Cheat wagged a finger at her. ’’I\m sure you run this house well, but can\ you see that your cousin\s bursting at the seams with a plan that might save our hides? Don\ bore him with domestic details, like who\s squabbling with whom ... or whether your special charge isn\ feeling social. Just get the girl.’’
Arin fetched a map from his library, then hurried to the dining room, where Cheat waited with Kestrel and Sarsine, who gave Arin an exasperated look that said she washed her hands of all three of them. She walked out the door.
Arin spread the map on the table and weighted its corners with rocks from his pockets.
Kestrel sat, armored in stubborn silence.
’’Let\s hear your plan, lad,’’ Cheat said, and looked only at him.
Arin felt that surge of excitement he\d had long ago, when they first began plotting to seize the city. ’’We\ve already taken out the Valorian guards on our side of the mountain.’’ He touched the map, ran a finger along the ribbon of the pass. ’’Now we send a small force through the pass to their side. We select men and women who can best pass as Valorian until the final moment. The imperial guards are removed. Some of our people take their place, others hide in the foothills, and a messenger is sent through the pass to alert our fighters, who have kegs of black powder stationed here’’ Arin pointed to the middle of the pass ’’on either side. We\ll need people who know the mountains and can scramble far up enough to get good height on the Valorians. They\ll also need to be willing to be crushed under any avalanche the explosions trigger. Four people, two for each side, will do.’’
’’We don\ have much black powder left,’’ said Cheat. ’’We should save it for the real invasion.’’
’’We won\ be alive for the invasion if we don\ use the black powder now.’’ Arin flattened his palms on the table, leaning over the map. ’’Most of our forces, about two thousand strong, will be flanking our entry to the pass. A Valorian battalion always has roughly the same numbers, so ’’
’’Always?’’ said Cheat.
Kestrel\s eyes, which had been steadily narrowing as Arin explained his plan, became slits.
’’You\ve learned a lot as the general\s slave,’’ Cheat said approvingly.
That wasn\ exactly how Arin knew details of the Valorian military, but all he said was, ’’The two forces, ours and theirs, will be roughly equal in numbers but not in experience or weaponry. We\ll be the weaker of the two. And the Valorians will have archers and crossbows. They won\ , however, haul heavy cannon when they\ e not planning for battle. That\s where we will have the advantage.’’
’’Arin, we don\ have cannon either.’’
’’We do. We just need to unload them from the ships we seized in the harbor and drag them up the mountainside.’’
Cheat stared, then thumped Arin on the shoulder. ’’Brilliant.’’
Kestrel sat back in her chair. She folded her arms.
’’Once the entire battalion is in the pass,’’ Arin said, ’’and they begin to emerge on our side, our cannons will fire into their front lines. A complete surprise.’’
’’Surprise?’’ Cheat shook his head. ’’The Valorians will send scouts ahead. Once someone sees the cannons, they\ e going to get suspicious fast.’’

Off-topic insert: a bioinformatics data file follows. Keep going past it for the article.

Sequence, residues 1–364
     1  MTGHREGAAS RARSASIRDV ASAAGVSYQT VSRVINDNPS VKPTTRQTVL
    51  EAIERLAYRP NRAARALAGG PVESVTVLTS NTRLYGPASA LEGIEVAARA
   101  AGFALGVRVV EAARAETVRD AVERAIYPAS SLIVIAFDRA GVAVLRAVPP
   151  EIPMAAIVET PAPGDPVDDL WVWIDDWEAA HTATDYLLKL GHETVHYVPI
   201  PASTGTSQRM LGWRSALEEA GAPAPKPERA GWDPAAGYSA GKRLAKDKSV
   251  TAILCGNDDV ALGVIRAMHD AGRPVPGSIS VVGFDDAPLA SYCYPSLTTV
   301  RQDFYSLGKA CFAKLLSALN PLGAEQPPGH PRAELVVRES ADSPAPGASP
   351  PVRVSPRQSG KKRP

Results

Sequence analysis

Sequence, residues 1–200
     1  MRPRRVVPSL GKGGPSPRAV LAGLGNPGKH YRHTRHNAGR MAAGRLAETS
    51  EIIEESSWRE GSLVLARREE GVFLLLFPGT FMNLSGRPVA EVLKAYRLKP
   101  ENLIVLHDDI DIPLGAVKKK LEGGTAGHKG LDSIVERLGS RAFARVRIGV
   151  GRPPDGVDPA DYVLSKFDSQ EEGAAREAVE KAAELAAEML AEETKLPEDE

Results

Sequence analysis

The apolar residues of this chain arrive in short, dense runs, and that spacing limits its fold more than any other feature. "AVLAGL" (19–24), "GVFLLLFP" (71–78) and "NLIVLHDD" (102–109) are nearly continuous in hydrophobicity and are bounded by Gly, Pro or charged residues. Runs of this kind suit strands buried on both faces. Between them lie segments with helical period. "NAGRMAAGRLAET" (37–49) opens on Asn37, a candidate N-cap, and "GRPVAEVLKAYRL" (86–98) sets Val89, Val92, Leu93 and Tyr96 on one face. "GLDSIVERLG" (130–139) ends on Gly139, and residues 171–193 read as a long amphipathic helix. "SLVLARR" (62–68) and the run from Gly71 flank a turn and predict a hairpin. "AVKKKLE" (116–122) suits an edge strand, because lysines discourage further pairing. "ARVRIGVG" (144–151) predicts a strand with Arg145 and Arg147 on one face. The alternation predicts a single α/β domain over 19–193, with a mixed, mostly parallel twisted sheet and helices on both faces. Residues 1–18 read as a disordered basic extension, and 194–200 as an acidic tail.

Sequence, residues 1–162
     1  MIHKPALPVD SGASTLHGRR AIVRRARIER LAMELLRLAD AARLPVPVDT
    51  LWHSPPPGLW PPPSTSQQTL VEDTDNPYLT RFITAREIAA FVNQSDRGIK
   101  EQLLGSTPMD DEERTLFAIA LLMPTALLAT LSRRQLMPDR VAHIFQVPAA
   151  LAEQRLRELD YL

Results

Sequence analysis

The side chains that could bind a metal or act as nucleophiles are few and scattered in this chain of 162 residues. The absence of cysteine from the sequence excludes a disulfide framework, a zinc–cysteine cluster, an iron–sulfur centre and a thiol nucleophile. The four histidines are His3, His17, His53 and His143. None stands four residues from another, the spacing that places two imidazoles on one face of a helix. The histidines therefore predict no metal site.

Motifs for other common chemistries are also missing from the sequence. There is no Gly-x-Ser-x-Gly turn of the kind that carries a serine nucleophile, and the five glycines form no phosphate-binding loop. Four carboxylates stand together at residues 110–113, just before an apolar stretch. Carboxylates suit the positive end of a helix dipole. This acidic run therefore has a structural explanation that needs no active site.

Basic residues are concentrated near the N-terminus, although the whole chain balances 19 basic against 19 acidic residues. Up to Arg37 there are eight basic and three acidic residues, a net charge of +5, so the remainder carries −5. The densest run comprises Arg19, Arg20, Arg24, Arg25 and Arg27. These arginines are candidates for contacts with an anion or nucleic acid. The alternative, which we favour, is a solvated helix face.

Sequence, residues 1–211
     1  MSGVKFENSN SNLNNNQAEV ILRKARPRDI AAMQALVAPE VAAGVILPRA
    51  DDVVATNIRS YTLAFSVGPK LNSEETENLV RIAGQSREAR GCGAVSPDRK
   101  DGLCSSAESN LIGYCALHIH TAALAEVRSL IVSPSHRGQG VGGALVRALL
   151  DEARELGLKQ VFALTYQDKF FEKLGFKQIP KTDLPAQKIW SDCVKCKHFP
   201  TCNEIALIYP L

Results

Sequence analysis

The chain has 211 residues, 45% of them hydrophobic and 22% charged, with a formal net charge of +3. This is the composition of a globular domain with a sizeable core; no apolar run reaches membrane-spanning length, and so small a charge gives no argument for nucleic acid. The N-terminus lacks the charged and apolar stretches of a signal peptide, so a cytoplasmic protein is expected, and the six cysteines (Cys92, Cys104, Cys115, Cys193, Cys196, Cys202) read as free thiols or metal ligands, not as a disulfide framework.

’’They won\ see the cannons, because our weaponry and forces will be disguised under shrouds of cloth the color of these.’’ He gestured at the pale rocks. ’’Hemp and burlap sacks taken from the dockyards will do, and we can strip linen from Valorian beds. We\ll blend into the mountainside.’’
’’So our cannons fire into the first lines,’’ Arin said, ’’which will be cavalry. The horses, hopefully, will panic, and if not they\ll still have a hard time keeping their footing on that downward slope. Meanwhile, the black powder kegs go off in the middle of the pass and bring rock down, blocking one half of the battalion from the other. Then our force on the other side of the pass pours in and makes short work of one half of the Valorian battalion, which should be trapped and in chaos. We do the same to the other half. We win.’’
Cheat said nothing at first, though his expression spoke for itself. ’’Well?’’ he turned to Kestrel. ’’What do you think?’’
She wouldn\ look at him.
’’Make her talk, Arin,’’ Cheat complained. ’’You said you wanted to know her opinion.’’
Arin, who had been watching Kestrel\s slight shifts in mood and body and had seen the resentment build, said, ’’She thinks the plan might work.’’
Cheat glanced between the two of them. His gaze lingered on Kestrel, probably trying to see what Arin saw. Then he shrugged in that showy style that had made him such a favorite as an auctioneer. ’’Well, it\s better than anything I\ve got. I\ll go tell everyone what to do.’’
Kestrel shot Arin a furtive glance. He couldn\ read it.
Cheat embraced Arin with one arm and was gone.
Once alone with Kestrel, Arin drew the plant out of his pocket: a handful of green with a wirelike stem and slender-tipped leaves. He set it on the table before her. Her eyes flashed, became jewels of joy. It was treasure, the way she looked at him.
’’Thank you,’’ she breathed.
’’I should have searched for it sooner,’’ he said. ’’You shouldn\ have had to ask.’’ He touched three fingers to the back of her hand, the Herrani gesture that could acknowledge thanks for a gift, but could also be used to ask forgiveness.
Kestrel\s hand was smooth. Glistening, as if it had been oiled.
She drew it back. She changed. Arin saw her change, saw the happiness bleed out of her. She said, ’’What do I owe you for this?’’
’’Nothing,’’ he said quickly, confused. Didn\ he owe her? Hadn\ she fought for him once? Hadn\ he used her trust to upend her world?
Arin studied Kestrel, and realized that it wasn\ so much that she had changed but that she had slipped back into the same huddled anger that had tightened her shoulders the entire time she had been sitting next to Cheat.
Of course Kestrel was angry, having listened to a plot to destroy her people. But as soon as Arin assumed that this was it, his mind returned to that inscrutable look she had given him. He turned it over the way he might a seashell, wondering what kind of creature had lived inside.
He remembered that glance: the flick of brows, the tense line of her mouth.
’’What is the matter?’’ he asked.
She seemed like she wouldn\ reply. Then she said, ’’Cheat will claim your ideas for his own.’’